Zechariah 8:15-16 Don’t be afraid. But this is what you must do: Tell the truth to each other. Render verdicts in your courts that are just and that lead to peace. Don’t scheme against each other. Stop your love of telling lies that you swear are the truth. I hate all these things,” says the Lord.
It’s easy, I’ve found, to spout all kinds of outrage when someone pushes my buttons. I often need someone to help me correct and balance my perspective. Sometimes I don’t even know the facts. And sometimes the facts don’t support the opinions I so easily espouse.
So this Scripture hits me right between the eyes. “I hate lies. Tell the truth,” says my beloved Lord. And I can hear him saying, “In the court of your own mind, render verdicts that are just and lead to peace.”
For me, this translates into making the effort to verify facts before I express an opinion or forward or repost someone else’s opinion. It means being willing to challenge and question my own impulses and conclusions. It means seeking God’s wisdom about using my voice for justice and peace. And my silence as well.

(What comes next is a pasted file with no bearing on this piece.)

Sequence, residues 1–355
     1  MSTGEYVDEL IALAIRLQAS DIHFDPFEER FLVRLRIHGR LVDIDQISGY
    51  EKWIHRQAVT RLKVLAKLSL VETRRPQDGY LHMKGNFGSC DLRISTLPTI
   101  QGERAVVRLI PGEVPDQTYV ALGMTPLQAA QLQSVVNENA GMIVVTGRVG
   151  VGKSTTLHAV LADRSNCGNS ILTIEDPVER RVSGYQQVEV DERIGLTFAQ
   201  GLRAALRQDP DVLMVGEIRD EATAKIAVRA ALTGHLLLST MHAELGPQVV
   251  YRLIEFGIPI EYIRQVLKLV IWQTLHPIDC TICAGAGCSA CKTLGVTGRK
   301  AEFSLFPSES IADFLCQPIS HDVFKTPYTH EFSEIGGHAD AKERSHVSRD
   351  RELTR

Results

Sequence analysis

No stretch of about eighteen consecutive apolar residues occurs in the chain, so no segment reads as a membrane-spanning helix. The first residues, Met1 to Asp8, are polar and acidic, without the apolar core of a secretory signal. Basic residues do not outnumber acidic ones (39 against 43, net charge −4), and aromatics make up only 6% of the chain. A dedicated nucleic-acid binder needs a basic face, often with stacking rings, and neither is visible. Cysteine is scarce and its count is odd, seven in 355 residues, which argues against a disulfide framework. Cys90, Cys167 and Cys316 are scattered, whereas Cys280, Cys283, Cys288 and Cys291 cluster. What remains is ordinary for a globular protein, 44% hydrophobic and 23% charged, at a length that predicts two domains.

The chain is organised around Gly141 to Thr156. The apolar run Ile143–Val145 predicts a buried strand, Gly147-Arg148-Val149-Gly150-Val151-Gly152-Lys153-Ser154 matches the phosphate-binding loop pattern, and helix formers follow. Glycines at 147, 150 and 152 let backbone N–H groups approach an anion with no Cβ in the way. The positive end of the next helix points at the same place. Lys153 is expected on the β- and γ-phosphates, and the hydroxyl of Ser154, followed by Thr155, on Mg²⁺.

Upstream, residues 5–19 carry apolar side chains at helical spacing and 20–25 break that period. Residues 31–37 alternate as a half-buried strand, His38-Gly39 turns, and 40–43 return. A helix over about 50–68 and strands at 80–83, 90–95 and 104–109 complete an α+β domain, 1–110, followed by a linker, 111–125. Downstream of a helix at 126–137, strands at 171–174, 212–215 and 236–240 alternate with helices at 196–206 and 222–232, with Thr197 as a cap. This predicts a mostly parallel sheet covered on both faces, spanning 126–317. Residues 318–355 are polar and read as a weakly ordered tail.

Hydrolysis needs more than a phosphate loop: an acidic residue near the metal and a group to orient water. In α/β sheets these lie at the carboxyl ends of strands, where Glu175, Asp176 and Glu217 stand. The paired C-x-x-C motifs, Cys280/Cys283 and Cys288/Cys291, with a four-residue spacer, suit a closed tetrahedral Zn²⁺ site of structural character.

In the last two posts, I’ve said apparently contradictory things. Speak up. Be still. How do we find the wisdom to know when to speak and when to be quiet? I would love your perspective!
I’ve found practical guidance through Braver Angels. Yesterday I participated in a training called “Depolarizing Within.” We were challenged to recognize within ourselves such attitudes as hate, disdain, pity, and disrespect, and to recognize our stereotypes. Make depolarizing distinctions:
- Between positions and people
- Between policies and core values
- Between inconsistency and hypocrisy
Braver Angels has discovered that people’s core values across the political spectrum are often the same; it’s the ways to achieve those values (policies) that create differences. It’s possible to debate policies without deriding people.
Braver Angels training is focused toward bridging the political divide, but really, it’s applicable to any relationship.
Sometimes we need to be quiet and learn, so that when we speak, we speak truth with love and respect that can lead to peace and justice.